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‘Dictionary’ of Welsh Place-names published

A list of place-names in Wales will be published by the Welsh Language Commissioner on 20 June, which will offer the standardised spellings for the names of villages, towns and cities in Wales.
 
The list, which will be available on the Welsh Language Commissioner’s website, is described as a 'dictionary' that people can use to check the spelling of Welsh place-names. There are nearly 3,000 names on the list, and it is the fruit of many years of research and consultation in the field.
 
During the Urdd Eisteddfod, visitors were invited to test the list at the Commissioner’s stand. By the end of the week, over 750 pins had been put on the map to indicate that the name of a town or village was on the list, and any names that appeared to be ‘missing’ are in the process of being added.
 
The Welsh Language Commissioner, Meri Huws, said, “I am very glad that we are now in a position to publish our list of standardised place-names.  This event notes many years of hard work by our small team within the Welsh Language Commissioner in consultation with the panel of Welsh place-names experts.  We are very grateful for their important contribution to this project, ensuring that there is a sound basis for each recommendation.
 
“Many of us will have personal opinions about how to write the names of places in our home turf and it is possible that not everyone will agree with each recommendation on the list. We do not intend to force these spelling, but rather offer recommendations, with the view to promoting consistency in the way we spell place-names across Wales in official contexts.”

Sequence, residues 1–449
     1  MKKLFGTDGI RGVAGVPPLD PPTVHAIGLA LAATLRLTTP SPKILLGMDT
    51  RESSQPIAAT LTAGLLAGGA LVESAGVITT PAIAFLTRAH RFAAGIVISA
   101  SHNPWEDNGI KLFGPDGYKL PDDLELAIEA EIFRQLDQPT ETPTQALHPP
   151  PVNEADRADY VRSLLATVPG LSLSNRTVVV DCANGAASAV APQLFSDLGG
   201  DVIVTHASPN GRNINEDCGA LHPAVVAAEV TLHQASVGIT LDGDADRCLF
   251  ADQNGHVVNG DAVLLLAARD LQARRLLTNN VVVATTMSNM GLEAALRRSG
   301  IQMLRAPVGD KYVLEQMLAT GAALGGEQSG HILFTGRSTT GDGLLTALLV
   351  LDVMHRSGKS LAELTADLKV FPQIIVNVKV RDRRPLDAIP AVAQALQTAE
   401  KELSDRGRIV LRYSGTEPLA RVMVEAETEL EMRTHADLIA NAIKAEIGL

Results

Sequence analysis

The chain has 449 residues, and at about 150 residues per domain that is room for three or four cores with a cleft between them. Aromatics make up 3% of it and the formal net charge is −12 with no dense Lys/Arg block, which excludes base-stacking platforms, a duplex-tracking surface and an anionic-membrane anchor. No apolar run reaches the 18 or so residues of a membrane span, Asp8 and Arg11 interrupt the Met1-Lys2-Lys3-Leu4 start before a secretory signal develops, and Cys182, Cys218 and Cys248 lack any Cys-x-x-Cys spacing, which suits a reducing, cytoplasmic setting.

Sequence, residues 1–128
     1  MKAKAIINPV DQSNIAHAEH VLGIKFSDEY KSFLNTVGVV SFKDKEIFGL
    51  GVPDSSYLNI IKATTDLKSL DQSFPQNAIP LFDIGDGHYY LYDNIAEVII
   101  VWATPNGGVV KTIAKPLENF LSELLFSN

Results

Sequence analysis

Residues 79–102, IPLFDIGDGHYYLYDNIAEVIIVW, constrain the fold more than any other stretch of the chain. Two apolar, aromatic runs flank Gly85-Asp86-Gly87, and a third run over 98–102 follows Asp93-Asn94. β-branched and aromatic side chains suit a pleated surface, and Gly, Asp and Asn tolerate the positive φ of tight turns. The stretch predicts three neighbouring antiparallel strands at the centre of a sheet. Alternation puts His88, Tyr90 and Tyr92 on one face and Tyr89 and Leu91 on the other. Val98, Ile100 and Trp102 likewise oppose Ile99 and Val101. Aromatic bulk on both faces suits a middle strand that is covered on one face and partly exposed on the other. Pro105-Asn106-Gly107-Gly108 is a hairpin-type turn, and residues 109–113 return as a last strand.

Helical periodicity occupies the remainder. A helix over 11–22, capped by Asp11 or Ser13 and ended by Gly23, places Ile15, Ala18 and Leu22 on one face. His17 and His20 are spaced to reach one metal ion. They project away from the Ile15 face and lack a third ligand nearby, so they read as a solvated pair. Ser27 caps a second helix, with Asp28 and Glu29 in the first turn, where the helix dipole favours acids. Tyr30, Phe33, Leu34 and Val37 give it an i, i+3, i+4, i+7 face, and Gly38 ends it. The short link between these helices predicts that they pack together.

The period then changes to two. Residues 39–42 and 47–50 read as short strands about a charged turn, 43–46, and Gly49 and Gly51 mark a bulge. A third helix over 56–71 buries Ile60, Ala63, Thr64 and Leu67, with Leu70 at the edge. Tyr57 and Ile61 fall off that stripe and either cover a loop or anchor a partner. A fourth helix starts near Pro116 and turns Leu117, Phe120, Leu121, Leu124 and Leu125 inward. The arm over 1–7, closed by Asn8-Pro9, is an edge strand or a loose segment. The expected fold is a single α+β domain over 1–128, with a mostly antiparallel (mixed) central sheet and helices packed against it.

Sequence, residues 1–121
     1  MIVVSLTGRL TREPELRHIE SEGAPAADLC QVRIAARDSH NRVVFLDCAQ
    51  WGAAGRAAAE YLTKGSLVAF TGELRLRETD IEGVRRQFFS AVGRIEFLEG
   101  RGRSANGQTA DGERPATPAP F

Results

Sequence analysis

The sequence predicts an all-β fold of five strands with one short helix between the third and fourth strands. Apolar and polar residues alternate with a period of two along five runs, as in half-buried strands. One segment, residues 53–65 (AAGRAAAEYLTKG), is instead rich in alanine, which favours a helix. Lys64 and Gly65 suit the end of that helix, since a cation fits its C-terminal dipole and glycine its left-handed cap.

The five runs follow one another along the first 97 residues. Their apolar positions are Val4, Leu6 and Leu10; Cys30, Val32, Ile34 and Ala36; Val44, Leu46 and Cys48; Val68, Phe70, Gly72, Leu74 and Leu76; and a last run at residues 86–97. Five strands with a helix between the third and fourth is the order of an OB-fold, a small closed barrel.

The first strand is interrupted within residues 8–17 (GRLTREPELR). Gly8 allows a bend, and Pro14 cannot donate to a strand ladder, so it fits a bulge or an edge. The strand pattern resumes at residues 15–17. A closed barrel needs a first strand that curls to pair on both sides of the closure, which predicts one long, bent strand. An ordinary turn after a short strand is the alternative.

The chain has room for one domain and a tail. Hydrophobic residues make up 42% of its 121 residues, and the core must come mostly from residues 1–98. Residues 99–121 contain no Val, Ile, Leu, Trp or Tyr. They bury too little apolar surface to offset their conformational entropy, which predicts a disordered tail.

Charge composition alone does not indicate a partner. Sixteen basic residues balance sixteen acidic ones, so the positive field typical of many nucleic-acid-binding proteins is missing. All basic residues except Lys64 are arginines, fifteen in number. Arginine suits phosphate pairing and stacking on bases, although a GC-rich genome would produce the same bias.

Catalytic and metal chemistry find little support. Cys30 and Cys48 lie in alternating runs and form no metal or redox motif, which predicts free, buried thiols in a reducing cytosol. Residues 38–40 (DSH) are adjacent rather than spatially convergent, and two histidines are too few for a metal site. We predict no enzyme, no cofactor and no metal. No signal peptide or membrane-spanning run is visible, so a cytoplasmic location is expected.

One of the organisations that will use the list as a guide to spelling place-names is Ordnance Survey. Pam Whitham, Relationship Manager for the OS, said:
 
“OS has a long standing and valued partnership with the Welsh Language Commissioner’s office.  They have played a key role in developing our Welsh Naming Policy and ensuring consistency of Welsh place-names throughout our products. We’re delighted to continue working with the Commissioner and welcome the database as a valuable resource for defining Welsh place-names.”
 
The list will be published at an event in Cardiff Bay, sponsored by Dr Dai Lloyd AM.  Dr Dai Lloyd attempted to create a bill to secure Historical Welsh Place-names in March 2017.  He said, "Publishing place-names in a list like this will go some of the way to ensure that the standardised forms will be recorded and respected. However, to truly protect the names, and to ensure that no other names will be adopted on a whim, I believe the list should be given legal status, as is the case in many other countries."
  
When standardising place-names, the panel of experts follow specific guidelines.  They consider the pronunciation and origin as well as the local use and the historical use of the name. 
 
Dr Dylan Foster Evans of Cardiff University is a member of the panel. He said, “Place-names are part of our heritage and our identity – that is why so many of us have a keen interest in them.  The Welsh spelling system was only thoroughly standardised in the twentieth century. The spelling of place-names took longer to follow suit: Caernarvon appears to be an Anglicized and old-fashioned way of spelling the town’s name today, but that was the spelling on the National Eisteddfod chair in 1935!
 
“The spelling of place-names is not a black and white matter, and not everyone will agree with all of our recommendations. But agreeing on standard forms is crucial if the Welsh language is to become a modern language that will survive in this digital age.”
 
The list will be available to search and download under an open license from the Welsh Language Commissioner’s website:
 
welshlanguagecommissioner.wales/placenames

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